How to Weld Steel to Cast Iron: The Complete Guide

If you are someone who likes to get a bit hands-on and love DIY-ing, then at one point in time you probably thought about welding yourself. Now, as a beginner, you might wonder how to weld steel to cast iron. And that is exactly what I will be covering in this article.

You can weld steel to cast iron but there are some key things you need to make sure of. First up is keeping cracks in control. This is one of the most important things. Then depending on what kind of weld you want to go with TIG or MIG welding can be done.

Not all cast iron alloys will act the same. And keeping the cracks in check is hardly an easy thing to do. Also, there are important steps and precautions you need to take like pre-heating. So, let’s get into all this in a bit more detail.

Welding Steel to Cast Iron

Alright, so let’s get to the meat of the topic. How do you weld steel to cast iron? There are a couple of ways that work. You need to make sure you are doing it the right way. That will ensure that the weld will hold for longer.

Before you go on to weld cast iron, it is better to know that most welders will actually avoid welding cast iron. This is because of the reasons I mentioned before. Cast iron is difficult to work with and can crack.

These cracks can cause the weld to fail over time which will, of course, be devastating. You can try using mechanical fasteners. This isn’t the prettiest solution but it lets you drill a hole for a bolt or pin. But before we go into the steps, let’s take a look at the two most common types of welds you are probably going to be doing.

Welding Steel to Cast Iron for Decorative Purposes

One of the common welds you will perform is for decorative purposes. These types of welds do not need to be super strong. All you need for decorative welding is to ‘stick’ the steel to the iron.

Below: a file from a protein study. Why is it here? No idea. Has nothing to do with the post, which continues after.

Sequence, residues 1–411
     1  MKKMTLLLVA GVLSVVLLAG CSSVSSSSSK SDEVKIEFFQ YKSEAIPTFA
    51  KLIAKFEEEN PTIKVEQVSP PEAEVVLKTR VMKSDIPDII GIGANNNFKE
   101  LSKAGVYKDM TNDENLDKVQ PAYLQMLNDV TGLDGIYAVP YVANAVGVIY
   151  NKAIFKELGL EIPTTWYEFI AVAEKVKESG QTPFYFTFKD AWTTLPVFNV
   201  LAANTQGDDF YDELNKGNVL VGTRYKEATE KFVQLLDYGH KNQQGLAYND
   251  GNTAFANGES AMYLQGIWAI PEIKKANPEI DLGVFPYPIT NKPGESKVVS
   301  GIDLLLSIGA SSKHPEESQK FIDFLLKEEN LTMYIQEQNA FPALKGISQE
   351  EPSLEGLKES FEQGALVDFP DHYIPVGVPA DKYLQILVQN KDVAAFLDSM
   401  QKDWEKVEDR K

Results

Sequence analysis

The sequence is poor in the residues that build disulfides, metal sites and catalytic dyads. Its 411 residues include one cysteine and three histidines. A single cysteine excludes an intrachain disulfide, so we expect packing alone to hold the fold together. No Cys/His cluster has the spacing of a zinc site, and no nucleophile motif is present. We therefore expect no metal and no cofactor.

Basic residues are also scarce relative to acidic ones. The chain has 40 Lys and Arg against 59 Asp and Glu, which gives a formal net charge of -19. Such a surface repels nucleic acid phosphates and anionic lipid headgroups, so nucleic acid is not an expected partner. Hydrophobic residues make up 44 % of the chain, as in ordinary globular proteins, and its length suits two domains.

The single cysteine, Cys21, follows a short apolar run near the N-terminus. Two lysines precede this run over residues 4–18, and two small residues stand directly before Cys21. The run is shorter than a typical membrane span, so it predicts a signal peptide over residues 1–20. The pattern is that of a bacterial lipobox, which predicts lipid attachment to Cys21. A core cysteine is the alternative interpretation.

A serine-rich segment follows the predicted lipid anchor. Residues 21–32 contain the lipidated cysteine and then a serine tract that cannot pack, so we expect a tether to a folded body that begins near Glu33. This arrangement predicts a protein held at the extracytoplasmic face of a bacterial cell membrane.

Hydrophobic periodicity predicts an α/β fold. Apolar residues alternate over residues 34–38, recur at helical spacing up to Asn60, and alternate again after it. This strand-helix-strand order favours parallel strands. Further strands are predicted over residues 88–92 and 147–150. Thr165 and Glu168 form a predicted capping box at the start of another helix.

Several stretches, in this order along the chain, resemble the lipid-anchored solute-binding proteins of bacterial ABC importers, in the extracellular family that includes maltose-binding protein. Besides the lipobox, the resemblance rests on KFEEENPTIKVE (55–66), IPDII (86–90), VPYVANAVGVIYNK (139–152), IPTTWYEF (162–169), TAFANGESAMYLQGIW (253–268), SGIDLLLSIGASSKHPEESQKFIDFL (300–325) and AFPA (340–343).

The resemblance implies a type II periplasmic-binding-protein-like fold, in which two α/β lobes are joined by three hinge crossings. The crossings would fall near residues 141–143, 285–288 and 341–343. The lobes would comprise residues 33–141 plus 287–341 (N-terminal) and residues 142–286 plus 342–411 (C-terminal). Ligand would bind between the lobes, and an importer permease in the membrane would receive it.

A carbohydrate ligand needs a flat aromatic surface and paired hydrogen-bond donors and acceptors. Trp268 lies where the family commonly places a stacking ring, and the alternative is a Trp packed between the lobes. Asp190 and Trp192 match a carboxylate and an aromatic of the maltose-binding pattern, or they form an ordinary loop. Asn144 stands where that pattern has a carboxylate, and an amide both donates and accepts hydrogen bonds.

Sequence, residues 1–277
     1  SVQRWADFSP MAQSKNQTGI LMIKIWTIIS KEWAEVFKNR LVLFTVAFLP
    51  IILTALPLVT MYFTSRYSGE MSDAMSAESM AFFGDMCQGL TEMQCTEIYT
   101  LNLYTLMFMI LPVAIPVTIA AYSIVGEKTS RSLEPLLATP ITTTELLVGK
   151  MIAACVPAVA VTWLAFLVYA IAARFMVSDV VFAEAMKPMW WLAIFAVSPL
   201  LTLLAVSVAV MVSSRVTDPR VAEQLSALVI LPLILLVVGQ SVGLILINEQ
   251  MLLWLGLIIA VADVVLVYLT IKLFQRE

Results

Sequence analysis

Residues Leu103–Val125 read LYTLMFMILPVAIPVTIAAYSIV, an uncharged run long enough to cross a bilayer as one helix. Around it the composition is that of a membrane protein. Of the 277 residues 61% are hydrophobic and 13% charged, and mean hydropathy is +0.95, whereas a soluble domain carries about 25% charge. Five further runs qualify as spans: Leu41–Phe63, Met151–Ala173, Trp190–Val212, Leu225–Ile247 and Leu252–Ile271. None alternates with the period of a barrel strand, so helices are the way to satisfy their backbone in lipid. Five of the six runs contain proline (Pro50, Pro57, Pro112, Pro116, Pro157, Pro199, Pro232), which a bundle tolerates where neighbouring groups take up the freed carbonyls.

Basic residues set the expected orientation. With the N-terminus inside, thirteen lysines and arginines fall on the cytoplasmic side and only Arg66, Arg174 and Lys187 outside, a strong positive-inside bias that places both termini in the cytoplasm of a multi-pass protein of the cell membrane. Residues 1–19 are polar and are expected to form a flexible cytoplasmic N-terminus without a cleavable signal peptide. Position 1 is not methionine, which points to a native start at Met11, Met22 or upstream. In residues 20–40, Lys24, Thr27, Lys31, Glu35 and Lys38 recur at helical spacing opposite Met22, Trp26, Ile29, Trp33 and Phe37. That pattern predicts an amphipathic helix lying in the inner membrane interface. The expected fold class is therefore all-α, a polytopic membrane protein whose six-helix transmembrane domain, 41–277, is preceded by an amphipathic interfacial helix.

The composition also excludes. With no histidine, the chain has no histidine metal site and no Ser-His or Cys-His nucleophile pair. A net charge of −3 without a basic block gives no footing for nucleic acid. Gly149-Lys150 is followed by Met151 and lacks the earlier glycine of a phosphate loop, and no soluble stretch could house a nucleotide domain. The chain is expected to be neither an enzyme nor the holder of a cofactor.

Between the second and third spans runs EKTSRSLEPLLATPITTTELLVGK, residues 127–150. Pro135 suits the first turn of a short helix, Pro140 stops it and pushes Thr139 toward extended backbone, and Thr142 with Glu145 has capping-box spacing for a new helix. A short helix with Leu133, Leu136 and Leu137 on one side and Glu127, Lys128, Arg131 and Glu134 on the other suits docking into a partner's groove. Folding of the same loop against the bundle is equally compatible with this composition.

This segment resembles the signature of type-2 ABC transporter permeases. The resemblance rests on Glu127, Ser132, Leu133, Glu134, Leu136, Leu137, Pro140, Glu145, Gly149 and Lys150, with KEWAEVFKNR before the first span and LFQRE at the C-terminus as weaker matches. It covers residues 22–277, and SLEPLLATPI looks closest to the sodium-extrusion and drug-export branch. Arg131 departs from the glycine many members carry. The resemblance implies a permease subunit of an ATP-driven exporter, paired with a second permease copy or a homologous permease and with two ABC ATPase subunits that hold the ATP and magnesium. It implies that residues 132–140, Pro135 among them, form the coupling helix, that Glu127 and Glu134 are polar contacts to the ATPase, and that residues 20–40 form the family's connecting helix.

For these types of welds, you can use a stainless-steel wire along with an FCAW. FCAW stands for Flux-core Arc Welder. This is also called gasless MIG. Stainless steel has a high nickel content. That will make it stick together pretty well.

Welding Steel to Cast Iron When You Need a More Solid Bond

Sometimes you do not want to just go by with a normal bond. If you need the bond to be very sturdy and durable, you will need to do some real welding. In situations that call for a stronger connection using MIG or TIG welding is the way to go.

Make sure you use a nickel-based wire rod (also called Ni-rod) for this process. I suggest hitting up your local welding shop/supplier and getting professional suggestions from there. They are most likely to know what will work best and also can advise you on the right welding rods you should use.

Generally, steel is very weldable and easy to work with. Cast iron is the difficult part in this whole equation. You can try some unconventional methods to weld. Some will lay a nickel weld bead, actually. It will go on each piece separately and you weld over the beads and join it together.

Step-by-Step Guide to Welding Steel to Cast Iron

If you follow these steps, you should end up with a pretty solid weld for the most part. So, let’s get started.

Step 1 – Check the Parts Thoroughly

Your first step before you start any welding will be to actually check the parts. Make sure there are no signs of stress or cracks. Any signs of damage are a no-go. You will need to order a replacement part if you want the perfect weld in that case.

Step 2 – Check the Alloy

Next up is checking the alloy. You need to be 100% sure what you are working with is indeed cast iron. There are different kinds of alloys and each will act a bit differently. Know that some cast iron alloys are easier to weld.

  • Grey Cast Iron

The most common type of cast iron is grey cast iron. The carbon will precipitate into the graphite flakes during the manufacturing process and will be either a ferrite or a pearlite crystalline microstructure.

This one is ductile and fairly weldable compared to other cast iron, for example, white cast iron. One challenge with working with grey cast iron is the graphite flakes. They will go into the weld pool and may cause metal embrittlement.

  • Ductile Iron

Then we have ductile iron. This type of cast iron is less brittle. That is due to the microstructural differences. In fact, all the three types of alloys I will mention will have different spheroidal carbon microstructures thanks to the manufacturing process.

  • White Cast Iron

White cast iron is actually considered un-weldable. It retains the carbon as iron carbide and it does not precipitate it out as graphite either. The structure is actually very brittle and hard.

So, make sure you know which one you have. Otherwise, the weld itself can come out poor if you have an iron alloy that requires a higher temperature but you did not know it did.

Step 3 – Clean, Clean, and Clean